It’s because we face these during the major life transition of re-entry. The cultural changes we face may include a loss of status, a sense of marginality, a loss of friends and perhaps family, and often a loss of purpose and meaning. And the novel ideas, values, people and customs we encounter upon re-entry create a tension between our host and home cultures.

Culture shock

They require a transformation of our approach to the world – a reconstruction of our lives, which emerges as an additional developmental task, one uncommon among our peers. This layering of stressors and life tasks can throw us off balance, and can magnify the anxiety we feel when exploring typical early-adult tasks.

The first couple of years upon return to the U.S., I felt a definite “culture shock.” I had been a blonde among Japanese and all of a sudden I was a blonde among other blondes who all looked like me and I felt lost in the crowd – I wished I looked different because I knew I was different. On the other hand, I also wanted to belong but found that there were many conversational topics that I knew nothing about… and also attitudes/customs that I was unfamiliar with… On one hand I felt “older & wiser” than my college peers, and on the other hand felt inexperienced in life as an American 18 – 20 year old. ~ Re-entered TCK, 31 years of age

It is very difficult to even begin to try to explain what a bicultural upbringing is really like and how it can tear at the very foundations of your life… The whole pace of life and values seemed to be totally reversed… I was neither American nor Indian and I felt like it, an outsider in both worlds… I wish I could explain my anguish to you, but I can’t on paper. ~Re-entered TCK, 28 years of age

During re-entry, most of us maneuver the external demands of our new worlds well. It’s the inner tensions related to our life reconstructions that take some time to work through. It’s wise to not be overly pre-occupied by these tensions; instead, compassionately allowing ourselves time to once more find our bearings. It takes time.

I don’t think people realize how different you are after living overseas. Another country becomes “home” and then you are thrown back int your real “home” and it isn’t really home anymore… After a while it became a lot easier and I finally felt like I belonged… I hardly ever talk about living overseas… ~Re-entered TCK, 20 years of age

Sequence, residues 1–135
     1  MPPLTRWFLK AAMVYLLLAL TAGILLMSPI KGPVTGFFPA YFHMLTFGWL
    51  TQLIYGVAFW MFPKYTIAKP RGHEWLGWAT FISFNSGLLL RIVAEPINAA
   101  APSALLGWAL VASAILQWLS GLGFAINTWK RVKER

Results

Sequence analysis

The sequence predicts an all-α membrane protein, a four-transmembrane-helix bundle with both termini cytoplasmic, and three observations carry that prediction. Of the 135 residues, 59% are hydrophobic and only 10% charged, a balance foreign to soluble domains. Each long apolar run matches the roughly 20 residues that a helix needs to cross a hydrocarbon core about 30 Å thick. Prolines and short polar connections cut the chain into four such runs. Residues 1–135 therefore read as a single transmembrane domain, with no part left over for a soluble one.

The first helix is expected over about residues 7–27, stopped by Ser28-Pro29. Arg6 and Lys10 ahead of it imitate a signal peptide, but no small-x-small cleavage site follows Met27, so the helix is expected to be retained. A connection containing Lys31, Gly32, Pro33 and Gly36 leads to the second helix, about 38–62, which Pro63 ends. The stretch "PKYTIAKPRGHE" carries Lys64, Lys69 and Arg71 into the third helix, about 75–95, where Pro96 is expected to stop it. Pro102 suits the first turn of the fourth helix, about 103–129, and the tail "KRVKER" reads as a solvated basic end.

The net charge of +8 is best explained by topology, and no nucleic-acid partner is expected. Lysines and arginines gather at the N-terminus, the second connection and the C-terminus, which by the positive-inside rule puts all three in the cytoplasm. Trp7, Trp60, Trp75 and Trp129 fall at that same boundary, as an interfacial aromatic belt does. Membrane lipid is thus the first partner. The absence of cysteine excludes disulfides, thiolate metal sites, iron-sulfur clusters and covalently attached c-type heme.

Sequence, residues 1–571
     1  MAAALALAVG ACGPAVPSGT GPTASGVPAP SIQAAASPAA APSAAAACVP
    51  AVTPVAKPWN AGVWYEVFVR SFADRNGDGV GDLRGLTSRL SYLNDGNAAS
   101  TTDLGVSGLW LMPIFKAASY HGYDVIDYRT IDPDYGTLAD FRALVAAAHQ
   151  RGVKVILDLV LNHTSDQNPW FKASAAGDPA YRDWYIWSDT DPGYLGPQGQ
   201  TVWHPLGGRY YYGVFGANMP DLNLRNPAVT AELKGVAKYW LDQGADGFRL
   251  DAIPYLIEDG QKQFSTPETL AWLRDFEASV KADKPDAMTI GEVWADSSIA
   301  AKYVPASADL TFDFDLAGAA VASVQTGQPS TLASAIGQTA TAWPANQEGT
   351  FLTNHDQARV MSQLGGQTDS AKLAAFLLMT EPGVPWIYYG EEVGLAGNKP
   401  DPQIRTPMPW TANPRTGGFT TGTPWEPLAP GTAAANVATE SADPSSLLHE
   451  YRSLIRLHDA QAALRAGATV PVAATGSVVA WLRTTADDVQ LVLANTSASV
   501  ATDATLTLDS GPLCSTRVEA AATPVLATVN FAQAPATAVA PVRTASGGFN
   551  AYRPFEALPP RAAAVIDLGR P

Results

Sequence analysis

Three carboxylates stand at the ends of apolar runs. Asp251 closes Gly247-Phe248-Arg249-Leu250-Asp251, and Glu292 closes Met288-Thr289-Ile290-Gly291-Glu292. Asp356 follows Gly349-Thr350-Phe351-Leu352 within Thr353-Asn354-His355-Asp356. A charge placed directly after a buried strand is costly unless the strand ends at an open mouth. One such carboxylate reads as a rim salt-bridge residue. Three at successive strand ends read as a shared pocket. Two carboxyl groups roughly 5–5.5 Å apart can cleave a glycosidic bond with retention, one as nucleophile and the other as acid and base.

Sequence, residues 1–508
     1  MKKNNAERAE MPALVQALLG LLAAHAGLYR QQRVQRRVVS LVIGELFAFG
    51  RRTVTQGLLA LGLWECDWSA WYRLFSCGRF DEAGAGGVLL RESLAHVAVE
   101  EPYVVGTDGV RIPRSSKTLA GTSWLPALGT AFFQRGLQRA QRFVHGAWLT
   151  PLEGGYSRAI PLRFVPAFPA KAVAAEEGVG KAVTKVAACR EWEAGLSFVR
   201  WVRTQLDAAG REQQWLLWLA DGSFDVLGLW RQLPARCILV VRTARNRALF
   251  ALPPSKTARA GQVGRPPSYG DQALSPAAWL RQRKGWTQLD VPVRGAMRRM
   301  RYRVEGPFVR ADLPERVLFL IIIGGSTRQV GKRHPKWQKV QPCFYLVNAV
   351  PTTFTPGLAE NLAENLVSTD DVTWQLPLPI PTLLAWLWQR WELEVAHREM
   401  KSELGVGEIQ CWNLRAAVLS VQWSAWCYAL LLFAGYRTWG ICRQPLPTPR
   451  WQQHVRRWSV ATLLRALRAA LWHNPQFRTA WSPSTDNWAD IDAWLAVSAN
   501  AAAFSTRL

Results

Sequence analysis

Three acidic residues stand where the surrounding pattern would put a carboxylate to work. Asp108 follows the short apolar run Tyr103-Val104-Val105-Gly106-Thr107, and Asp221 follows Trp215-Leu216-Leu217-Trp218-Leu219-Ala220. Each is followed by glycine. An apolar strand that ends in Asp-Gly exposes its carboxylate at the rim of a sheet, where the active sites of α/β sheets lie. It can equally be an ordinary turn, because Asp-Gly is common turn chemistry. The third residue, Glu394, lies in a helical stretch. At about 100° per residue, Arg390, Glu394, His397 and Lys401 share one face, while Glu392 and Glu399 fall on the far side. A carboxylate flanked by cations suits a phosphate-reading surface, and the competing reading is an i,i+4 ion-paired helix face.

When I came back [to my home country], I was very much like a naïve immigrant who thought the streets would be paved with gold; I had a very idealistic idea of what to expect… But when the shock of reality had worn off, …I pretty much accepted things which confronted me… yet to this day, I still feel a part from the world around me… I feel very lucky for having lived overseas and if I had to live my life over again, I wouldn’t want it to be any different than the way it has been. ~Re-entered TCK, 33 years of age

While having simultaneous life stressors can take a toll and leave us vulnerable, studies show that they also give us opportunities to build coping skills and personal strengths. Negative emotions can also be appropriate and helpful if they ground us in reality (e.g. loss of close friends and family) and move us forward to constructive action (e.g. seek out new friends).

It often has been a lonely road full of difficult decisions. But I feel I am a more creative individual than those around me because of it. Though I found it difficult to adjust to my new life in the States, I wouldn’t trade my years overseas for anything. I can see things from different perspectives, understand the world around me more and enjoy life a little more than those around me. ~Re-entered TCK, 22 years of age

The first couple of years, I had a hard time. I was lucky I found an interest to keep me going, setting goals, etc. I met nice people who were interested in the same things. ~Re-entered TCK, 23 years of age

I found that I questioned my sanity a few times because I felt about things differently. As soon as I was able to say to myself, “I just had a different experience and that is why I am different,” then I was able to feel comfortable with other people. ~Re-entered TCK, 22 years of age

What coping skills and personal strengths are/will be part of your life story based on your time abroad and/or re-entry experiences?

In Part 3, we’ll discuss what a life well-lived looks like, and how we might go about reconstructing it.